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How to prevent firefighters from making negative headlines

Reputation-management expert will explore strategies on how to address and prevent bad firefighter behavior from entering your firehouse


Bad behavior and social media has landed many firefighters in hot water.

Within the past week, a firefighter in Miss. posted a controversial Facebook post that showed the KKK flag with a statement above that read “White power will never die” in response to the controversy surrounding the Miss. state flag.

In San Diego at Comic Con, a firefighter got into a verbal confrontation with a photojournalist that was videoing a patient, a popular actress and attendee of the event, who was being moved into an ambulance. He allegedly grabbed the photojournalist’s arm and pushed him backward.

We have even posted multiple articles on how Facebook can destroy your firefighting career, what firefighters need to know about social media policies and how fire departments can educate and manage crews to avoid discipline, discharge, embarrassment and even lawsuits.

In her presentation at the International Association of Fire Chiefs’ Fire-Rescue International conference in August, Candice McDonald will discuss strategies to help safeguard firehouses from bad behavior, social media and citizen journalists.

McDonald’s seminar, “Reputation Management: Strategies to safeguard the firehouse from bad behaviors, social media and citizen journalists,” will be held Aug. 28; you can register for the conference here.

McDonald is a firefighter/EMS officer with the Winona (Ohio) Fire Department and works for NASA in the Office of Protective Services. She’s a co-chair of the Cumberland Valley Volunteer Firemen’s Association Reputation Management Committee and an active member of the outreach team.

She’s also a trustee for the International Association of Women in Fire and Emergency Services. This topic, exploring how fire service leaders can maintain stakeholder trust during internal crisis, is also the topic for her doctoral dissertation.

Every negative headline of a poor firefighter behavior threatens the integrity of the fire service as a whole, she said.

Saving your reputation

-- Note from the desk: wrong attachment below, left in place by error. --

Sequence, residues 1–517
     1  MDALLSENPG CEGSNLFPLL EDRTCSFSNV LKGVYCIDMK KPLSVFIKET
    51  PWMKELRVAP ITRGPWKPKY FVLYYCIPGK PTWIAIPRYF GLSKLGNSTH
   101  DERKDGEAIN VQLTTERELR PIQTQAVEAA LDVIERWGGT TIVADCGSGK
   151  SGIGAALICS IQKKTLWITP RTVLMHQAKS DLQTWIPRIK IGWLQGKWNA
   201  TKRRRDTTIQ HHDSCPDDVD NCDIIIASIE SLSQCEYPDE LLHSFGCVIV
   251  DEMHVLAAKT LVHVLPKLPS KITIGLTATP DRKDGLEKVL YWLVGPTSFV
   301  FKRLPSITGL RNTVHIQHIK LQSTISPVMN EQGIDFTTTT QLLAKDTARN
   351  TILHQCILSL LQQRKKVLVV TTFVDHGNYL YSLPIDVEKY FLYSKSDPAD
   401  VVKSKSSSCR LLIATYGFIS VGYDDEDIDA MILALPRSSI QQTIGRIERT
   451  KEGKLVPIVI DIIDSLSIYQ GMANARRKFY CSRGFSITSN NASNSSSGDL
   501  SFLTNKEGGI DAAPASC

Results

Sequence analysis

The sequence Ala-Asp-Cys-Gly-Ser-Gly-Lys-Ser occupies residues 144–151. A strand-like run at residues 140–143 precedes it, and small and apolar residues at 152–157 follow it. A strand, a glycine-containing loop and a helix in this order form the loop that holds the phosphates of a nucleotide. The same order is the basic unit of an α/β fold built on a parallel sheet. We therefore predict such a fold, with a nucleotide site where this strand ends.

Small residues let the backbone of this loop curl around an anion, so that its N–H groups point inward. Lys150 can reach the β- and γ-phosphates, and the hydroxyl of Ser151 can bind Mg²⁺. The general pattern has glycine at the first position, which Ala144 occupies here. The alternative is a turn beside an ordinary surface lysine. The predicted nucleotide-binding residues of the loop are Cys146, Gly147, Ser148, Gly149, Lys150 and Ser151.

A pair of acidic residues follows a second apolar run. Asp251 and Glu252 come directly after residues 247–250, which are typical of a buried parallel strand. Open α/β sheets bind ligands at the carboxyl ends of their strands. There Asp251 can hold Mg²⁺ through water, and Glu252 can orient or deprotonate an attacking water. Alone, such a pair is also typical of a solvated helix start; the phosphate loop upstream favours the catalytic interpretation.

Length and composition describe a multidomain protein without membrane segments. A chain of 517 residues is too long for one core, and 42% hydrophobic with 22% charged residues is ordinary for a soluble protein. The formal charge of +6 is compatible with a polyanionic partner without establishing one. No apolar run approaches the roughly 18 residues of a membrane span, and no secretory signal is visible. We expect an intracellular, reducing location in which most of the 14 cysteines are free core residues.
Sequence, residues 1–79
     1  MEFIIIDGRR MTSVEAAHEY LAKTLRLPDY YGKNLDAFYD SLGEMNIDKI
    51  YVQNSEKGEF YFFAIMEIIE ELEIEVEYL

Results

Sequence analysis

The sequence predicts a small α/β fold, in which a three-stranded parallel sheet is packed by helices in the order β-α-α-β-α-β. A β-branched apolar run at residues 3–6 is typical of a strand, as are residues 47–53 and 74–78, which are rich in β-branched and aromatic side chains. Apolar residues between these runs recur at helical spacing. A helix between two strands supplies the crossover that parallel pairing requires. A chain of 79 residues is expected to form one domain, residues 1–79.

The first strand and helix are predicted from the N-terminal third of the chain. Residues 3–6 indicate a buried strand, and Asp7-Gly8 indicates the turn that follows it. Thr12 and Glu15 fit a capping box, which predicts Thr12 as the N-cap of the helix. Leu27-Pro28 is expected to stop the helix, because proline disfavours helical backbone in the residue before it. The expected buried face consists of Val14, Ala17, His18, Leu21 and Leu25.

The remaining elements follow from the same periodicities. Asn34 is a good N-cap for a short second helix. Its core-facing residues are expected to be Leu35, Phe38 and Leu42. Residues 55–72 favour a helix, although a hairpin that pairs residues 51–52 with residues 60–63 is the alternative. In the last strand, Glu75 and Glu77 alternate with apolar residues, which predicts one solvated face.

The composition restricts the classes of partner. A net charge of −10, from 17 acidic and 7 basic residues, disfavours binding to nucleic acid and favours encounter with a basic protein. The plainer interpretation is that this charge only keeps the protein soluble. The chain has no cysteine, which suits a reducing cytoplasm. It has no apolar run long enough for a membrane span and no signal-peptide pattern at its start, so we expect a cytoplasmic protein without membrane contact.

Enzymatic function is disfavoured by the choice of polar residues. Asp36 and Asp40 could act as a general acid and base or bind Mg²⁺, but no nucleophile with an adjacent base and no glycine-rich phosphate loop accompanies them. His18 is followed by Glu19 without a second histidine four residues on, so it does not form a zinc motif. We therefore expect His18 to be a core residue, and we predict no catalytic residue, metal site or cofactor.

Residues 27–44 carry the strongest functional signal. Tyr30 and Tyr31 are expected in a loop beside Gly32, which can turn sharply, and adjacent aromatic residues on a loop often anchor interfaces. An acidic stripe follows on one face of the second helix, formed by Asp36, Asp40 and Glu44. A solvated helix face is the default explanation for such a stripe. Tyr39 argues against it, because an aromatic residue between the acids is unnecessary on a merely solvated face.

Reputation management is important for fire and emergency service departments because it influence the public’s and municipal leaders’ opinions of the service.

With news streaming in real-time from the fingers of the average civilian, it is critical for departments to have the tools in place to safeguard the firehouse.

“Addressing and preventing reputation-management issues is dependent on good leadership, well-developed and reinforced policies, communication, timely response to incidents and the created culture within a firehouse,” McDonald said.

It is also important for strategies to be in place prior to an incident occurring.

“Like with preparing for emergencies, fire departments need to train to prevent, monitor and manage the unexpected reputation threat,” she said.

And because departments need to train to prevent these types of situations, the Cumberland Valley Volunteer Firemen’s Association has teamed up with the National Volunteer Fire Council Foundation to offer free training to departments across the country.

Striving for success
During the session, attendees will be offered low- to no-cost strategies that are based on peer-reviewed research.

“The tools you learn in the discussion can be applied to divert both internal and external threats from becoming a crisis,” she said. “When things go wrong, it is important to remain transparent with stakeholders, apologize and communicate the corrective action plan.”

All participants will also receive a toolbox of free resources and strategies to safeguard their firehouse from landing on the front page of the newspaper for the wrong reasons.

“I value the integrity the fire service was founded upon and have a desire to see it remain one of the most respected professions,” she said.

In the end, she’s hoping attendees will learn best practices based on research to create an integrity-driven culture, prevent internal theft, discrimination, social media embarrassment and poor member behavior.

Sarah Calams, who previously served as associate editor of FireRescue1 and Fire Chief, is the senior editor of and In addition to her regular editing duties, Sarah delves deep into the people and issues that make up the public safety industry to bring insights and lessons learned to first responders everywhere.

Sarah graduated with a bachelor’s degree in news/editorial journalism at the University of North Texas in Denton, Texas. Have a story idea you’d like to discuss? Send Sarah an email or reach out on LinkedIn.